Smirking in the Courtroom: Lessons for Civil Litigation

Smirking in the Courtroom: Lessons for Civil Litigation

The recent mistrial in the Mendieta murder trial in Toronto has some lessons for people involved in civil litigation as well. In the Mendieta case, a mistrial was declared because a Crown lawyer who had handled the previous murder trial, where a verdict could not be reached, was present in the courtroom during the cross-examination of Ms. Mendieta, all the while allegedly making faces – smirking – that the jury, not to mention the witness, found distracting.

There is no doubt that such conduct cannot be tolerated and the resulting mistrial is at great expense to the taxpayers and also the parties involved in the matter. It will likely put the outcome of the case very much in doubt, one way or the other.

Smirking In The Courtroom

In Civil lawsuits, such as disability litigation or personal injury matters, a party smirking in the courtroom at the jury or the witnesses could just as easily result in a mistrial. The lesson of this story goes beyond cases that proceed to trial. It underscores that parties engaged in any type of litigious matter must show respect for the process and the participants in the matter. Poor or disrespectful behavior is unlikely to result in a favourable settlement or negotiation at mediation, and poor behavior during examinations for discovery by witnesses or counsel gives the process a bad name.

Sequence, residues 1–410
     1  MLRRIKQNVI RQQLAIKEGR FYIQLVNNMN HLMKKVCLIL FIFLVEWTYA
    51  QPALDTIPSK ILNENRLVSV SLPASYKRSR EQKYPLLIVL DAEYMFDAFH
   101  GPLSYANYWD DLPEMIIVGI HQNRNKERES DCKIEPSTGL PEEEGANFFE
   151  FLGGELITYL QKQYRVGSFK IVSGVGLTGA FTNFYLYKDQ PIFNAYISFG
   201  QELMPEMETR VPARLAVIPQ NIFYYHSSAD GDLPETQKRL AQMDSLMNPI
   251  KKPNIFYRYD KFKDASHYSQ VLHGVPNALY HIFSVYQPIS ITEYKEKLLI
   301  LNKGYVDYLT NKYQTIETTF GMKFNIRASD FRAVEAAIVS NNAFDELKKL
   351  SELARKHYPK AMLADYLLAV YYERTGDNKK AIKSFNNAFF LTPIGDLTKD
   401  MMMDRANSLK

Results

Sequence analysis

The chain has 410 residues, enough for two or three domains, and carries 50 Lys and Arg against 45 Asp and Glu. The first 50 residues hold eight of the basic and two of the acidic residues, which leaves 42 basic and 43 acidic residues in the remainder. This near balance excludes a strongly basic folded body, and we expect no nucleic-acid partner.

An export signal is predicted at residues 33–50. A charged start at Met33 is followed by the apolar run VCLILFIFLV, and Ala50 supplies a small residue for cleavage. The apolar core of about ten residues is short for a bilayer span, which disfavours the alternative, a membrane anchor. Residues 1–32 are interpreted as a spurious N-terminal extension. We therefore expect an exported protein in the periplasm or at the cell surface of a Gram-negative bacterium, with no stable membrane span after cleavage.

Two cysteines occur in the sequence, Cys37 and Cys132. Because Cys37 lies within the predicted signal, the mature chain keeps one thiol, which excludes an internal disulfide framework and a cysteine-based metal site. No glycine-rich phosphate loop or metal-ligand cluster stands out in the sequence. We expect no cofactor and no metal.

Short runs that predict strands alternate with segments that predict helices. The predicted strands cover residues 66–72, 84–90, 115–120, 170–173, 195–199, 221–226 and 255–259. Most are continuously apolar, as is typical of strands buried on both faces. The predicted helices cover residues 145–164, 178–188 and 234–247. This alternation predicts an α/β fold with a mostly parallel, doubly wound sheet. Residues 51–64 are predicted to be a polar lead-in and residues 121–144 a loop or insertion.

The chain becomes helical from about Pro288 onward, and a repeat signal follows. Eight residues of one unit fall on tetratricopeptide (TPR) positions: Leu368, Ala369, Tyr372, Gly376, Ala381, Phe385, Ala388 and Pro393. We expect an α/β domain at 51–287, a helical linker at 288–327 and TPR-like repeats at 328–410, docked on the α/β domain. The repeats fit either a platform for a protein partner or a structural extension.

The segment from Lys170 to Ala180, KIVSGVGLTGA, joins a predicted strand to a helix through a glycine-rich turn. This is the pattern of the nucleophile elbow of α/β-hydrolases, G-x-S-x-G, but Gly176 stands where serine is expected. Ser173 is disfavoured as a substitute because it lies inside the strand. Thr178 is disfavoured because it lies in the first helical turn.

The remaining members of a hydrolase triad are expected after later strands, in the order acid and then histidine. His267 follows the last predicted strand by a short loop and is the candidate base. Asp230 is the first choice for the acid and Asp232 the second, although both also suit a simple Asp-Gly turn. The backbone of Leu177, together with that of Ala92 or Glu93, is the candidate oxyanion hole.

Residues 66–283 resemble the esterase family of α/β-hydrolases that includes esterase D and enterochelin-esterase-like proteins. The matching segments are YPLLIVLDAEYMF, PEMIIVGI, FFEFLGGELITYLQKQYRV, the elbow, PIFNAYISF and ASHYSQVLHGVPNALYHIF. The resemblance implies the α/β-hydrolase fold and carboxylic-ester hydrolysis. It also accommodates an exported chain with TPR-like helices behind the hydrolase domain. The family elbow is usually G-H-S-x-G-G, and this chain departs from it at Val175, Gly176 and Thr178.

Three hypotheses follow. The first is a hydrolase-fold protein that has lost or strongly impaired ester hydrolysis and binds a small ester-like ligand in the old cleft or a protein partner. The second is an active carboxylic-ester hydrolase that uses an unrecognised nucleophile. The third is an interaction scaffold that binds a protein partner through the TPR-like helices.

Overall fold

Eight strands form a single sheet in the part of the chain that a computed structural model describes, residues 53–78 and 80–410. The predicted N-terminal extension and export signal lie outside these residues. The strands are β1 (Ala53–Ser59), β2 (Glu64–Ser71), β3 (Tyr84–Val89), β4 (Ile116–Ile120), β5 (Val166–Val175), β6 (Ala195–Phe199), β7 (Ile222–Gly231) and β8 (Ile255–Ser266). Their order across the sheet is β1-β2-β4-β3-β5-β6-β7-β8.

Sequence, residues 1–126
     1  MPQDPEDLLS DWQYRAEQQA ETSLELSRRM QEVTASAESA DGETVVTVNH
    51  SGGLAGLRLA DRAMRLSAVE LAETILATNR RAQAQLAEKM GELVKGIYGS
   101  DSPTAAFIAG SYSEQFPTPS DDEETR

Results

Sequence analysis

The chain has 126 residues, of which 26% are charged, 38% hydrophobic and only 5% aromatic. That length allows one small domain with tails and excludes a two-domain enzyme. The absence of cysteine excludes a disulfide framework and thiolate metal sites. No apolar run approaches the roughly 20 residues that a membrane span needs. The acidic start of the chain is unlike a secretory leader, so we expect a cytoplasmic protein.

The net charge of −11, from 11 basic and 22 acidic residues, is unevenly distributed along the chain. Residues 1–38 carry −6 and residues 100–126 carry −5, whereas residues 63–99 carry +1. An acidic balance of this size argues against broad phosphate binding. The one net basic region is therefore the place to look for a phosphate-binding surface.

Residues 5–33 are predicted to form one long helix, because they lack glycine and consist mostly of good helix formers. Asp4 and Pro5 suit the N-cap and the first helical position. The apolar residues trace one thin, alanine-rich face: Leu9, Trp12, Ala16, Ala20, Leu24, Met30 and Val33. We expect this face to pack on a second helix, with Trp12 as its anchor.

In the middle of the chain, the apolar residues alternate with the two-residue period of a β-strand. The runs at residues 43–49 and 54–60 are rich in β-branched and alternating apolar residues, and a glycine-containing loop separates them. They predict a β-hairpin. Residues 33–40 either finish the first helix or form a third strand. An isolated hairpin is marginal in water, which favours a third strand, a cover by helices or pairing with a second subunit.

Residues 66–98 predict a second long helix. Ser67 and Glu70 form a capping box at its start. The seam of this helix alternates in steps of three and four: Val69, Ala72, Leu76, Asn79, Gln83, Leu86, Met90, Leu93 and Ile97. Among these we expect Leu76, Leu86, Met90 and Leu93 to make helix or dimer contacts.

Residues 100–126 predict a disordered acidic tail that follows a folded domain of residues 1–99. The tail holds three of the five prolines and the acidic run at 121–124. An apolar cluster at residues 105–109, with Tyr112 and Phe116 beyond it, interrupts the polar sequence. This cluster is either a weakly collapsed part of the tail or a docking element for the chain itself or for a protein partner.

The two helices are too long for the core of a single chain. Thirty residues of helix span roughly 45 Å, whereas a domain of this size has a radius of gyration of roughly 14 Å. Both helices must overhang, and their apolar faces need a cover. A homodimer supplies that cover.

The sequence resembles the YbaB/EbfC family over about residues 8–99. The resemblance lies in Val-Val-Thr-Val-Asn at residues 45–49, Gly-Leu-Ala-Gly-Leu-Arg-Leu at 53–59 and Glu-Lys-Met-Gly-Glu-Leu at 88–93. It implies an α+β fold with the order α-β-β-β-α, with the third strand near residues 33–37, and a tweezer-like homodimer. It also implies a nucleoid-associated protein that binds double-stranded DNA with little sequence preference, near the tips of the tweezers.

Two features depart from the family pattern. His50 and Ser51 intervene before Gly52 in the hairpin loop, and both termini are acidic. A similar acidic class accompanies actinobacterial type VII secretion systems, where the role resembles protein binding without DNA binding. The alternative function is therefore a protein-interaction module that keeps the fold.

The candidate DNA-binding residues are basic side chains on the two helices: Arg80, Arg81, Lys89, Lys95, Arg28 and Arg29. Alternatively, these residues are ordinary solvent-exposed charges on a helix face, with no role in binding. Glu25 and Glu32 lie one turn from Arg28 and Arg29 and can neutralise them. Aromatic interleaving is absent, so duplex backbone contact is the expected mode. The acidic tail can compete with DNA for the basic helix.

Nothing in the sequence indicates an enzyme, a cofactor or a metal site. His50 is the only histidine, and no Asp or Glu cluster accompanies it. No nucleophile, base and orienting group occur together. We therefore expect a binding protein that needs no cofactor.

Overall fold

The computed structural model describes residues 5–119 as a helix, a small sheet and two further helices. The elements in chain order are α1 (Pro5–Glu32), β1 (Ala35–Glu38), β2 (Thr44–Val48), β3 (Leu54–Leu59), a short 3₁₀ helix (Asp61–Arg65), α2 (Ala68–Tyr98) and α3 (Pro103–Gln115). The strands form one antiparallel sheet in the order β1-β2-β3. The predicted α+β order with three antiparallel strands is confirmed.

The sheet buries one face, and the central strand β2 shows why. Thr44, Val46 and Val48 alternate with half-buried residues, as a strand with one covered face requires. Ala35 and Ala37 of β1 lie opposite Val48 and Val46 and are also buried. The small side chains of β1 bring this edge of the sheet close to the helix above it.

Respectful disagreement and submissions are an obvious part of passionate advocacy, but the system only works if all parties are given a voice. As lawyers who represent plaintiffs in their insurance disputes, we take this obligation seriously. Providing passionate, respectful representation so that our clients are given a voice that follows these principals.

By David Share L.L.B.

President, Share Lawyers


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